Reviewers: Srajan Ebaen
Financial interests: click here
Sources: Retina 5K 27" iMac (4GHz quad-core with Turbo boost, 32GB RAM, 3TB FusionDrive, OSX Yosemite. iTunes 12.2), PureMusic 2.04, Qobuz Hifi, Tidal Hifi, COS Engineering D1, Metrum Hex, AURALiC Vega, Aqua Hifi La Scala MkII, SOtM dX-USB HD w. super-clock upgrade & mBPS-d2s, Apple iPod Classic 160GB (AIFF), Astell& Kern AK100 modified by Red Wine Audio, Cambridge Audio iD100, Pro-Ject Dock Box S Digital, Pure i20, Fore Audio DAISy 1 [on review], Metrum Acoustics Pavane [on review]
Preamplifier: Nagra Jazz, Esoteric C-03, COS Engineering D-1
Power & integrated amplifiers: Pass Labs XA-30.8, FirstWatt SIT1 & F6; Crayon Audio CFA-1.2; Goldmund Job 225; Gato Audio DIA-250; Aura Note Premier; Wyred4Sound mINT; AURALiC Merak [on loan], Goldmund Telos 360 [on review]
Loudspeakers: Albedo Audio Aptica; EnigmAcoustics Mythology M1; soundkaos Wave 40; Boenicke Audio W5se; Zu Audio Submission; German Physiks HRS-120, Gallo Strada II w. TR-3D subwoofer, Crystal Cable Minissimo [on review], soundkaos SK16 [on review]
Cables: Complete loom of Zu Event; KingRex uArt, Zu Event and LightHarmonic LightSpeed double-header USB cables; Tombo Trøn S/PDIF; van den Hul AES/EBU; AudioQuest Diamond glass-fibre Toslink; Arkana Research XLR/RCA and speaker cables [on loan]
Power delivery: Vibex Granada/Alhambra on all components, 5m long cords to amp/s and subwoofer
Equipment rack: Artesania Audio Exoteryc double-wide 3-tier with optional glass shelves, Exoteryc stereo/Krion and mono/glass amp stands [on loan]
Sundry accessories: Acoustic System resonators
Room: Irregularly shaped 9.5 x 10m open floor plan with additional 2nd-floor loft; wood-paneled sloping ceiling; parquet flooring; lots of non-parallel surfaces (pictorial tour here)
Review component retail in Europe: €6'000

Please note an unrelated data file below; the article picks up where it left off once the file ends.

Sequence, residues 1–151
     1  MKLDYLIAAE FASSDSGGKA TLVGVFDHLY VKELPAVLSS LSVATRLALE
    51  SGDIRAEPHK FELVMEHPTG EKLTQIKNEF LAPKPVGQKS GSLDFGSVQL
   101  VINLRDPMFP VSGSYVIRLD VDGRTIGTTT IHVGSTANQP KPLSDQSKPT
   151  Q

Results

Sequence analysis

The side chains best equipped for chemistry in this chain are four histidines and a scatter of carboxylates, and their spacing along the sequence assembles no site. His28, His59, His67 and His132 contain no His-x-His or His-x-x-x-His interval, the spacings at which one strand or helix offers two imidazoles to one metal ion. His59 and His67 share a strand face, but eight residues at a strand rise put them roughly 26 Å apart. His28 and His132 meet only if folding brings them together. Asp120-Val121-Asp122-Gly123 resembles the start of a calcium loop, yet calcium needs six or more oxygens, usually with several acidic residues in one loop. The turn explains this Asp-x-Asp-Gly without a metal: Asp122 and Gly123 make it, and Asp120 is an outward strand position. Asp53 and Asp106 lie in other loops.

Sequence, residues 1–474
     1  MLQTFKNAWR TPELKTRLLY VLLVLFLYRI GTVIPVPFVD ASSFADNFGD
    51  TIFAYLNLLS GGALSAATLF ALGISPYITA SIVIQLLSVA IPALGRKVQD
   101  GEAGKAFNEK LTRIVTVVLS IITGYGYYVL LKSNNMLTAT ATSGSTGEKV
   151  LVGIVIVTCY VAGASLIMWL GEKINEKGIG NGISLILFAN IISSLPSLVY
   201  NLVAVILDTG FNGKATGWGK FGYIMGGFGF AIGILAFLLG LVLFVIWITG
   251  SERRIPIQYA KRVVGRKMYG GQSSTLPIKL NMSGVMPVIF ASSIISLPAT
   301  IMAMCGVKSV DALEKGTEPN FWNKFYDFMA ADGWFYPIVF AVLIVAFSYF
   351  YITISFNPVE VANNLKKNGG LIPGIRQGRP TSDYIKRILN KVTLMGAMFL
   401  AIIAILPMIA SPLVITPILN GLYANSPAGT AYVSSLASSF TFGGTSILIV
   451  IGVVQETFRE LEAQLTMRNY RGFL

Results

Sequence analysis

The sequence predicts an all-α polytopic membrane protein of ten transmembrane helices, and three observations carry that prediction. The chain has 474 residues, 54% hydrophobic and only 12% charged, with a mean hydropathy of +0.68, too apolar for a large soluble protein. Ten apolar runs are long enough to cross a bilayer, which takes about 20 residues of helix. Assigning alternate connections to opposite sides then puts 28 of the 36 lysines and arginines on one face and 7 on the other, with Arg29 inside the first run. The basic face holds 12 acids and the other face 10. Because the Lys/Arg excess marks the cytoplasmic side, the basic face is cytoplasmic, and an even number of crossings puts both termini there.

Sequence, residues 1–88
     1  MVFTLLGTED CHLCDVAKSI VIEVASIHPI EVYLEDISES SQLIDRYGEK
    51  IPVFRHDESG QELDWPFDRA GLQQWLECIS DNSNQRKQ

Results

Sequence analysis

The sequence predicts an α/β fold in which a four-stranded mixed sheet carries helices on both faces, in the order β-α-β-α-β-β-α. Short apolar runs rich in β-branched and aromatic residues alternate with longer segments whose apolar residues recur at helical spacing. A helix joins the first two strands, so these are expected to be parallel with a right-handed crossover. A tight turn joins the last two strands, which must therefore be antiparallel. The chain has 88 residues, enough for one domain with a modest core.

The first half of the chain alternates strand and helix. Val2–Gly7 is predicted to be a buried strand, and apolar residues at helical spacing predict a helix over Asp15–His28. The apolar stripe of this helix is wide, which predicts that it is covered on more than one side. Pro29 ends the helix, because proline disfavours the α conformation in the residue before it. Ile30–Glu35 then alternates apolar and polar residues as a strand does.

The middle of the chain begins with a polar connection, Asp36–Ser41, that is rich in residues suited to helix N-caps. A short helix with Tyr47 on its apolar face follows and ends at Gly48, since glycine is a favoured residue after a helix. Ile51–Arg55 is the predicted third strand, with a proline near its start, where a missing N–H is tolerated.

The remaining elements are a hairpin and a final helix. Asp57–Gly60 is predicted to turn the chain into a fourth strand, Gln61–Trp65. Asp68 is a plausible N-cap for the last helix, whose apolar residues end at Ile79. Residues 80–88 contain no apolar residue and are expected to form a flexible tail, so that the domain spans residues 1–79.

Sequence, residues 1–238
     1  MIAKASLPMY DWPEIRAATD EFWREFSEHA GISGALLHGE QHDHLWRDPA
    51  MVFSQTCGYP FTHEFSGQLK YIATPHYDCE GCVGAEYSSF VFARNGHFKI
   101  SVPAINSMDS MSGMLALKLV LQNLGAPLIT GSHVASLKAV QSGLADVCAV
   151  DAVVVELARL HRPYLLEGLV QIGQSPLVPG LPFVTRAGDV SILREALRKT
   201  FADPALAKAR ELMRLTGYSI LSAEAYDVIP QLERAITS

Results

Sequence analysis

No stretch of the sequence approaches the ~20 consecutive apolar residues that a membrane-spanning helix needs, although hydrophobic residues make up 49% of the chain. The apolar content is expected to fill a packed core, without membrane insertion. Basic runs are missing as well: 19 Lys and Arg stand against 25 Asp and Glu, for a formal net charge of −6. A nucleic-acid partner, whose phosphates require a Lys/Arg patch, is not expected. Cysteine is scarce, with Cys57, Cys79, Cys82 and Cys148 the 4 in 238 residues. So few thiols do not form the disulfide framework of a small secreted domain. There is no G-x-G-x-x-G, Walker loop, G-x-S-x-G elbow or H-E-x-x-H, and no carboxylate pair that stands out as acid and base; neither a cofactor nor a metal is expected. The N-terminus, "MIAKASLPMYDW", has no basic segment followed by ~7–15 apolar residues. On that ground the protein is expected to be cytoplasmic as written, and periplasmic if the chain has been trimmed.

Not the DAC-pre! But the size and concomitant weight of these amplifiers explains why they weren't shipped on short-term loan instead.

Discreet. People having affairs tend to be; including music lovers who start their obsession with hifi. But sooner than later, our sort misspell it. That rarely gets sorted. Now we do discrete instead. Our newbie receiver breaks up into tuner and integrated. Next the integrated becomes a preamp and amp, followed by the preamp's power supply splitting off. Then the power amp breaks up into two mono amps before their power supplies hop out. The monitor speakers get a separate mono subwoofer soon to be stereo'd. Super tweeters follow. Then crossovers externalize. That's followed by bi- or triwiring, later bi- or tri-amping in full dual mono. What was a discreet system has become a maximally separated affair. Each function has been assigned its very own ecosystem in a dedicated enclosure. Due to mushrooming box count and associated costs, such systems are neither discreet on looks nor expenditure. They've become the elephant in the room.

The same applies to circuits. The epitome of the discreet amplifier is the gainclone. Its output device is literally an amp on a chip. That chip is smaller than—remember those?—a quaint postage stamp. Such devices are known as operational amplifiers; op-amps for short. The vast majority of digital gear wouldn't even work without the large-scale integration of complex circuitry onto chips. Those can be off the shelf like AKM, BurrBrown/TI, Crystal, ESS, Metrum, Phillips; or bespoke as custom-coded field-programmable gate arrays. But discretniks have begged exception from this rule for years. The first commercial D/A converters to reject on-chip conversion probably were from MSB. Later a Japanese DIYer published his take on a fully discrete DAC. That was followed by French brand TotalDAC who started as DIY but then commercialized something very similar. As the word 'ladder' in multi-bit ladder DACs indicates, they operate with a large array of miniaturized switched resistors inside their chips. Voilà, an opportunity to build discrete such DACs with external arrays and full-size resistors. That's conceptually related to how relay-switched resistor attenuators are built. Of course one still needs so-called glue logic which controls these resistor banks and their high-speed relays or switches to behave as needed. And the resistors need to be very stringently matched to represent the precise values necessary. Even this wildly oversimplified explanation explains why discrete DACs are so rare.